As we go along, I’ll also create a Github page where I can share source code with you, and you can report issues and ask questions.

What Will Be New In The Book

Because the 1st Edition was released almost exactly five years ago (December, 2017), there will be lots of new content in this release:

  • All the Scala 3 goodies that pertain to FP (opaque types, extension methods, type classes, and more)
  • All the code examples will be updated to Scala 3 (and improved)
  • The new Scala CLI tool will be used to make it easier than ever to run the code examples
  • Greatly improved coverage of functional domain modeling (ADTs, etc.)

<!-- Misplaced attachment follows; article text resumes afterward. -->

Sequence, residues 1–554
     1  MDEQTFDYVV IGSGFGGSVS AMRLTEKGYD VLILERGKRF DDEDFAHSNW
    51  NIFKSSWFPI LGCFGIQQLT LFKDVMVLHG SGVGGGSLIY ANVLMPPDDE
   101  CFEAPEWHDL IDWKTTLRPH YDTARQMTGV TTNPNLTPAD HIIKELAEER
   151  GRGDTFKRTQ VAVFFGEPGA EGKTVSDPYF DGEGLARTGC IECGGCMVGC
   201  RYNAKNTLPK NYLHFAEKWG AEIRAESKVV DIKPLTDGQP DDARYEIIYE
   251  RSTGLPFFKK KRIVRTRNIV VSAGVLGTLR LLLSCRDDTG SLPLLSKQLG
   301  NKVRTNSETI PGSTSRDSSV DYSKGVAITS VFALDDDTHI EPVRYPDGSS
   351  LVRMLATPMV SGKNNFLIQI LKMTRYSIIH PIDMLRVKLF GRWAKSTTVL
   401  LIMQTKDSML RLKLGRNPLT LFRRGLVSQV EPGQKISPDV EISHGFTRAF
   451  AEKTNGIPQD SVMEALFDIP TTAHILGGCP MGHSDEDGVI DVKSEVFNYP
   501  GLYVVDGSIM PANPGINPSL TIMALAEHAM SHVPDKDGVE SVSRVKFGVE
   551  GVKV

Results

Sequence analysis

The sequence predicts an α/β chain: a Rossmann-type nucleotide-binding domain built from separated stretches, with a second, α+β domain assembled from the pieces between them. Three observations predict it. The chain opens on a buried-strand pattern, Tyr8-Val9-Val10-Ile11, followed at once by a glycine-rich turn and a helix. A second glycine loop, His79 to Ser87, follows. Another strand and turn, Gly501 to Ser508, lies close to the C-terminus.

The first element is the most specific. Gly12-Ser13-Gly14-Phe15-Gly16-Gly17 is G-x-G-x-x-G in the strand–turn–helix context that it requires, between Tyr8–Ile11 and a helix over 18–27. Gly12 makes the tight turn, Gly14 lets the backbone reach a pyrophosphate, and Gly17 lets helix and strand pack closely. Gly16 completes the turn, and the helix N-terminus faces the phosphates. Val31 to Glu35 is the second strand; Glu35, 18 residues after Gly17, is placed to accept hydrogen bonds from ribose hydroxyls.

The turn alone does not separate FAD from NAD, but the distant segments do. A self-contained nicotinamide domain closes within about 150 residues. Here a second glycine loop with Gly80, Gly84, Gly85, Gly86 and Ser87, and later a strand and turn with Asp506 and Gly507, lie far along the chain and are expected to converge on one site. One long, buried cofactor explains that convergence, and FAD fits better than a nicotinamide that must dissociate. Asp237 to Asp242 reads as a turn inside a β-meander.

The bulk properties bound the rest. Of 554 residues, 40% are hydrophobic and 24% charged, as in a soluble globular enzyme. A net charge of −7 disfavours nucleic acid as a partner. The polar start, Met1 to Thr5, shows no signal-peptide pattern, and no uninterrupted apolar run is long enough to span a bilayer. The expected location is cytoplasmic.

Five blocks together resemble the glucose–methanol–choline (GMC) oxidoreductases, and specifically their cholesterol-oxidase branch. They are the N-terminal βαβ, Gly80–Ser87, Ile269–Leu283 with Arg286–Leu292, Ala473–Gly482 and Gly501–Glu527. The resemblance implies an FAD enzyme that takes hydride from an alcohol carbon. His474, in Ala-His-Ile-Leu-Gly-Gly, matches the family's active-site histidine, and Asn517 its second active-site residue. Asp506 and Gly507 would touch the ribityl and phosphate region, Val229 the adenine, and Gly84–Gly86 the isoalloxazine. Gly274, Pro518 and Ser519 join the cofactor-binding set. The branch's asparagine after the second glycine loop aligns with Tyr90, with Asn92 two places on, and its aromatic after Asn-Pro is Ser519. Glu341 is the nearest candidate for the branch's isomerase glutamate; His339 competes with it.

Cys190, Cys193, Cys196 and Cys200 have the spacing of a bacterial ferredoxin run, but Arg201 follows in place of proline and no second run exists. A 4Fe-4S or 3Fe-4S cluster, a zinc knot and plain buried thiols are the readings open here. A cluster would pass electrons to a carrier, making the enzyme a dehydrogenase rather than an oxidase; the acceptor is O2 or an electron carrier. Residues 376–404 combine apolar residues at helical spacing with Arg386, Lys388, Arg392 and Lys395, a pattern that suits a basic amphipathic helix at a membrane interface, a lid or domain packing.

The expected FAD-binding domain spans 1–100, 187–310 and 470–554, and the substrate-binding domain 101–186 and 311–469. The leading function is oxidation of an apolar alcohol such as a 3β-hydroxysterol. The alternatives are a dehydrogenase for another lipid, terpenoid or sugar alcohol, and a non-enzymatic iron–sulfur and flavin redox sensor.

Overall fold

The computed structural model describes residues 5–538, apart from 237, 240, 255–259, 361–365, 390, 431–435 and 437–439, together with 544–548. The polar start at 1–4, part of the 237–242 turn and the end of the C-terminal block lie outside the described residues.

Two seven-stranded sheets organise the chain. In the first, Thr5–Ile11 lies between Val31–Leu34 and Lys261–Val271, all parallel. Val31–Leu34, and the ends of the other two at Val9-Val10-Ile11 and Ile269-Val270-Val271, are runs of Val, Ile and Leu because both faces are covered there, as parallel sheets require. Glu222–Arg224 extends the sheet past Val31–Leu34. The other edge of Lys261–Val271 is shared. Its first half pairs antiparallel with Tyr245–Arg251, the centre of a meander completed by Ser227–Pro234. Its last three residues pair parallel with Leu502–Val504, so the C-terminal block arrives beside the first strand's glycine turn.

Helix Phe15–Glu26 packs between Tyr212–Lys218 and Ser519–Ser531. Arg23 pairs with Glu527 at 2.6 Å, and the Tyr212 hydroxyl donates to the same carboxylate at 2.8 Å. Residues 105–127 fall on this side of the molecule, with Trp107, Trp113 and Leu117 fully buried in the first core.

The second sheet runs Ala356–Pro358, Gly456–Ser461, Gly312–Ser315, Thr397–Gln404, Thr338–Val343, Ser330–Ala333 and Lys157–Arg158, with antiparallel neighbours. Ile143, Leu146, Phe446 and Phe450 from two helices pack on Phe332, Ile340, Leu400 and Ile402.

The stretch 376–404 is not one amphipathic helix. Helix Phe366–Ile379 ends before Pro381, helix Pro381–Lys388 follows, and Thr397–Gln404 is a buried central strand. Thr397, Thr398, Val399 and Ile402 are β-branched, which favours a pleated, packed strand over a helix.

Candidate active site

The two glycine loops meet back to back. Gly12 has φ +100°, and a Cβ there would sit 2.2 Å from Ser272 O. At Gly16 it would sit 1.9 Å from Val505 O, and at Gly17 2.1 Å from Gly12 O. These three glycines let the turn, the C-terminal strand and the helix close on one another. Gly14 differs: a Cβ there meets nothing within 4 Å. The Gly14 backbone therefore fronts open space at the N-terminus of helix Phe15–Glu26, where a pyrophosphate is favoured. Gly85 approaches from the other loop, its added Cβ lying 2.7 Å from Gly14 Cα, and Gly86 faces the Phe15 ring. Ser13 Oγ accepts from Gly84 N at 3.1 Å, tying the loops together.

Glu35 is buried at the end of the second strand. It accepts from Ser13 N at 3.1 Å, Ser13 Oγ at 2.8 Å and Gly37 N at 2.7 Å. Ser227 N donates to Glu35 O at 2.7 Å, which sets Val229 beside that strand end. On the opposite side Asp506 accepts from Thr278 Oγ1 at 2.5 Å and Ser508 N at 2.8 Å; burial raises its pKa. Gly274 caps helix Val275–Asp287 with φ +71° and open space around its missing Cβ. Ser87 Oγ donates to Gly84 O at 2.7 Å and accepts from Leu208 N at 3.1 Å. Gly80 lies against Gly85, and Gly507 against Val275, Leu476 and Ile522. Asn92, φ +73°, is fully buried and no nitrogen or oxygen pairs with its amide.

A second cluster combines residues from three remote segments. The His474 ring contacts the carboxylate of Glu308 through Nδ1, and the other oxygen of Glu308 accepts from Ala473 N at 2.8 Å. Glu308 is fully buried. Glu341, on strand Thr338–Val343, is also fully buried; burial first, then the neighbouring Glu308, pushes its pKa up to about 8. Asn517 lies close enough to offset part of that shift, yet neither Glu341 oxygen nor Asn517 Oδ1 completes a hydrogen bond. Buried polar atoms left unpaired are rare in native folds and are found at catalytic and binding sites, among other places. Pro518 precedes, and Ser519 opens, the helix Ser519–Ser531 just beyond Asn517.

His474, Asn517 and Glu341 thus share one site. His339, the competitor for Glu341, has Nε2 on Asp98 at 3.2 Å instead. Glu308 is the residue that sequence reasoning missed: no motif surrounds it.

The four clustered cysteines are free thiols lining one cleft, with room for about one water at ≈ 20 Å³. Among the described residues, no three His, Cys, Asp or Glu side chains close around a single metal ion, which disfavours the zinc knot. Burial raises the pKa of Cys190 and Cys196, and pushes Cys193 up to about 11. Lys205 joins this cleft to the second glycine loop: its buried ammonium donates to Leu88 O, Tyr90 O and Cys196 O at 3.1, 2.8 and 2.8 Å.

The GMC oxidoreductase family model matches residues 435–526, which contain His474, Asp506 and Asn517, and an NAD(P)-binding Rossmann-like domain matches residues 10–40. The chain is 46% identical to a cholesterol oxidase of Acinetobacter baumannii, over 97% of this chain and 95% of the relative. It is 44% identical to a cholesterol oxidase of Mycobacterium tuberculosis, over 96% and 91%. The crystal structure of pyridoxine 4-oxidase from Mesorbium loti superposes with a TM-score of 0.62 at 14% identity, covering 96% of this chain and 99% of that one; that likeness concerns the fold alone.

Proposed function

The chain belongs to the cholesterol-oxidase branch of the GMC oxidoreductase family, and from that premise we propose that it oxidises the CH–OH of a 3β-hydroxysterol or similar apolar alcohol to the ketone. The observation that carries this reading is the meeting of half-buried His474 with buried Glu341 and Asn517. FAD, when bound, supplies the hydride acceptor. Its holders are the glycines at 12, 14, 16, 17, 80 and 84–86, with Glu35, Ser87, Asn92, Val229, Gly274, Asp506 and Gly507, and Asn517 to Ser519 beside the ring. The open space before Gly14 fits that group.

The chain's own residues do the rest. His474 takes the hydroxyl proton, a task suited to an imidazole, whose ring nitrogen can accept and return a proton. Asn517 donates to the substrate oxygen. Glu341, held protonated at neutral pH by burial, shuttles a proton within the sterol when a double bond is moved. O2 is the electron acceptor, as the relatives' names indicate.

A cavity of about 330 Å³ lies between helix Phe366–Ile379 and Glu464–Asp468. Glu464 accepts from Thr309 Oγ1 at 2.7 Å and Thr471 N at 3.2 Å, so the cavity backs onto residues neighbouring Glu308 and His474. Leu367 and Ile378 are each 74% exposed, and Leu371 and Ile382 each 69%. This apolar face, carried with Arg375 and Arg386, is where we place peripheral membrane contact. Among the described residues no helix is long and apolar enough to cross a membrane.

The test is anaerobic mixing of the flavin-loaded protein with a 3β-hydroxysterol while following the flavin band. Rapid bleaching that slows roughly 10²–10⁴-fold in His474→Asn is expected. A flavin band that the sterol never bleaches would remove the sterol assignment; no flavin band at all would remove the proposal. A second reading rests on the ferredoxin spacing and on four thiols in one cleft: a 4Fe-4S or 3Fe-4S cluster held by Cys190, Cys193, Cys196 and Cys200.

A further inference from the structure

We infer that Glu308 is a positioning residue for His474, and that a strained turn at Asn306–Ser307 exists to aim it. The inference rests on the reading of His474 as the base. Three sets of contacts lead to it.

• Akka and Futures are out, ZIO and Cats Effect are in
  • More coverage of Try, Either, and functional error handling
  • Better images and graphics
  • More!

I don’t know yet how much I’ll get into ZIO and Cats Effect, but I expect to get at least as far as I did in my “Little FP Book,” Learn Functional Programming Without Fear.

(I refer to this book as my “Big FP Book,” because it’s at least three times bigger than that book.)

About This Book

The first version of the book was written as ~125 small lessons. They were like a series of blog posts, where each lesson introduced only one new topic. Readers wrote me to say that they appreciated that:

  • The book was written in a simple style
  • Each lesson was small, self-contained, and logically led into the next lesson
  • I provided links to over 600 resources
  • I provided a ton of background detail about ALL the Scala features you need to know to understand FP

I’m glad to say that this new book will be written in the exact same style!